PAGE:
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Did Michal Have Children or Not? 2 Samuel 6:23 and 21:8

Did Michal Have Children or Not? 2 Samuel 6:23 and 21:8

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[James Tissot, “Michal Despises David” (ca. 1898)]

The book of 2 Samuel includes the following statement:

Therefore Michal the daughter of Saul had no child unto the day of her death. (2 Sam. 6:23 KJV)

In 2 Samuel 21:8, on the other hand, the King James Version says:

But the king took the two sons of Rizpah the daughter of Aiah, whom she bare unto Saul, Armoni and Mephibosheth; and the five sons of Michal the daughter of Saul, whom she brought up for Adriel the son of Barzillai the Meholathite. (2 Sam. 21:8 KJV)

One verse appears to say that Michal had no children; the other one appears to say that she had five sons. Is this a contradiction? No, it is not a contradiction in the King James Version. That may seem like a surprising claim, but I will explain it later in this article. However, what is really of concern is whether this is a contradiction in what the book of Samuel originally said. Let’s look at that question.

The Masoretic Text (MT), the standard medieval version of the Hebrew Bible—the Old Testament (OT) in Hebrew—on which the KJV and other English translations have generally been based for the OT, has “Michal” at 2 Samuel 21:8. However, the MT is a medieval critical edition of the Hebrew Bible (ca. AD 900) produced by Jewish scholars well over a millennium after the OT books were all written. As such, it can and does have some mistakes (although it was very, very well done and extremely accurate, all things considered). Since the times of the KJV, numerous manuscripts have come to light that enable scholars to refine the text of the Bible and make contemporary editions even more accurate. These include, according to the Jewish Publication Society (JPS) edition called Tanakh, two Hebrew manuscripts, many Septuagint manuscripts, the Peshitta (an ancient Syriac translation), and the Targum (an Aramaic paraphrase), all of which dated from centuries before the MT. In several of these earlier copies and translations of the OT, one finds the name Merab at 2 Samuel 21:8 instead of Michal. This is a textually superior reading and so scholars rightly adopt this reading of the text instead of the inferior, medieval reading of the MT. Almost all contemporary translations of the Bible do so, including versions not published by evangelicals. For example, the JPS Tanakh has Merab there, as does the NRSV, the New Revised Standard Version (produced by a wide range of scholars from different religious backgrounds). The ESV, HCSB, NAB, NASB, NIV, NJB, and NLT all have Merab at that text. The New King James Version (NKJV), which of course is a revision of the KJV, is the only major contemporary English version that has the name Michal at 2 Samuel 21:8.

Notice that the conclusion that the text should say “Merab” instead of “Michal” is not based on a desire to eliminate contradictions or discrepancies from the Bible. Rather, the scholars look at the available textual evidence, weigh that evidence, and reach a considered judgment as to which wording is most likely the closest to the original text. It is not as if fundamentalist scholars got a letter from Richard Dawkins informing them of the problem at 2 Samuel 21:8 and then those scholars, shocked to learn about this glaring error in the Bible, decided to change the text to avoid the difficulty!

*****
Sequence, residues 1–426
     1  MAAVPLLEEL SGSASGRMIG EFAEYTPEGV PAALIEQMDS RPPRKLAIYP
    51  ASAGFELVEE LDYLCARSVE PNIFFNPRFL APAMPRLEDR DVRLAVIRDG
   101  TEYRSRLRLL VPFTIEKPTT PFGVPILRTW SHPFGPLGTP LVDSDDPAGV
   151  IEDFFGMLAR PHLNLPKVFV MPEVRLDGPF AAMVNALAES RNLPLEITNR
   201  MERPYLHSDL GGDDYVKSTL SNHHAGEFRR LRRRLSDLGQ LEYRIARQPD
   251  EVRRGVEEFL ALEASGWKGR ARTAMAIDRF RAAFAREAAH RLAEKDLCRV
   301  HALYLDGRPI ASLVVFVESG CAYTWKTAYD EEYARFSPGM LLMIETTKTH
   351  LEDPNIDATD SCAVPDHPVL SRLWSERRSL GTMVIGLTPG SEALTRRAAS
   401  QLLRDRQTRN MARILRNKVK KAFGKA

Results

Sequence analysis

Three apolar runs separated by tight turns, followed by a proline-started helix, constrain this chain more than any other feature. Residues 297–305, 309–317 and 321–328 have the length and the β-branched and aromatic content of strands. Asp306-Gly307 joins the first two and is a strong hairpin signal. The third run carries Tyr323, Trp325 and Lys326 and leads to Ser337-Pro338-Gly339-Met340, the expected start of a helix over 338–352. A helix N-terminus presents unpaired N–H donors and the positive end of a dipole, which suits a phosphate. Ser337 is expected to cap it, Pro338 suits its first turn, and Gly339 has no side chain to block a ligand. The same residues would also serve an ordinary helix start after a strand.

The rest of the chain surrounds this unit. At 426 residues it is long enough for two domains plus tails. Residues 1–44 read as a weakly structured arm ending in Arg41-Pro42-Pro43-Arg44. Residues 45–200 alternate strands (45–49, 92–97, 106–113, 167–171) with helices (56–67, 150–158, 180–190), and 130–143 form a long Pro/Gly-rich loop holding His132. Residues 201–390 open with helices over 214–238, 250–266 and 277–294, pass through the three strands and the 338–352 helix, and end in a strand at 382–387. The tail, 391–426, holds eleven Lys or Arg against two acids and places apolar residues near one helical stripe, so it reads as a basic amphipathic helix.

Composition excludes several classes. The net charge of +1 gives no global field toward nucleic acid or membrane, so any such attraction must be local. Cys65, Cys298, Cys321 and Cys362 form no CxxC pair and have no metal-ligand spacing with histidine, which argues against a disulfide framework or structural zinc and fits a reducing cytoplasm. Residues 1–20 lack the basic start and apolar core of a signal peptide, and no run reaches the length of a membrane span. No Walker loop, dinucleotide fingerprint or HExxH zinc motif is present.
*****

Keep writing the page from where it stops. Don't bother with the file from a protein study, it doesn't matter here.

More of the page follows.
There are also two contextual reasons to think that the name Merab is correct in 2 Samuel 21:8. First, both 2 Samuel 6:23 and 21:8 are part of the same book, written by the same author. It is unlikely that an author would so blatantly contradict himself within the same book on so simple a factual issue. More likely, the author wrote a different name at 21:8, not Michal, and a copyist somewhere along the line made a mistake and wrote Michal by accident. You can see how this might happen, especially because both names start with the same letter. Copyists tend to work more “mechanically” than authors, so the mistake is more likely to be a scribal error than an authorial one.

Second, according to the same author again, Merab was Saul’s older daughter, and she was married to Adriel the Meholathite instead of to David (1 Sam 14:49; 18:17, 19). 2 Samuel 21:8, the verse that supposedly contradicts 2 Samuel 6:23, refers to Saul’s daughter there as the mother of five sons of Adriel the Meholathite. This part of the text confirms that Merab is the correct reading.

By the way, although the King James Version translators cannot be faulted for following the MT Hebrew text in using the name Michal at 2 Samuel 21:8, they did make a mistake in that verse for which they can legitimately be faulted. Evidently they recognized that as it stood the verse contradicted 2 Samuel 6:23. Seeking to harmonize the two verses, they translated 2 Samuel 21:8 to say “the five sons of Michal the daughter of Saul, whom she brought up for Adriel the son of Barzillai the Meholathite.” Notice the point this wording appears to make: the five sons were not her own biological children, but they were her husband’s sons from a previous marriage and she simply “brought up” or raised the boys for him. That makes sense as it stands and avoids a contradiction in the King James Version. However, it does so by misinterpreting the Hebrew word yaldah (about which there is no textual debate). The word yaldah meant to bear or give birth to a child, not to raise a child after birth. Thus, the contemporary versions cited earlier correctly translate the verb here (usually as “bore” or “had borne”). The KJV translator or translators responsible for this mistake may have been well-meaning, but it’s still the kind of mistake that good translators try hard to avoid.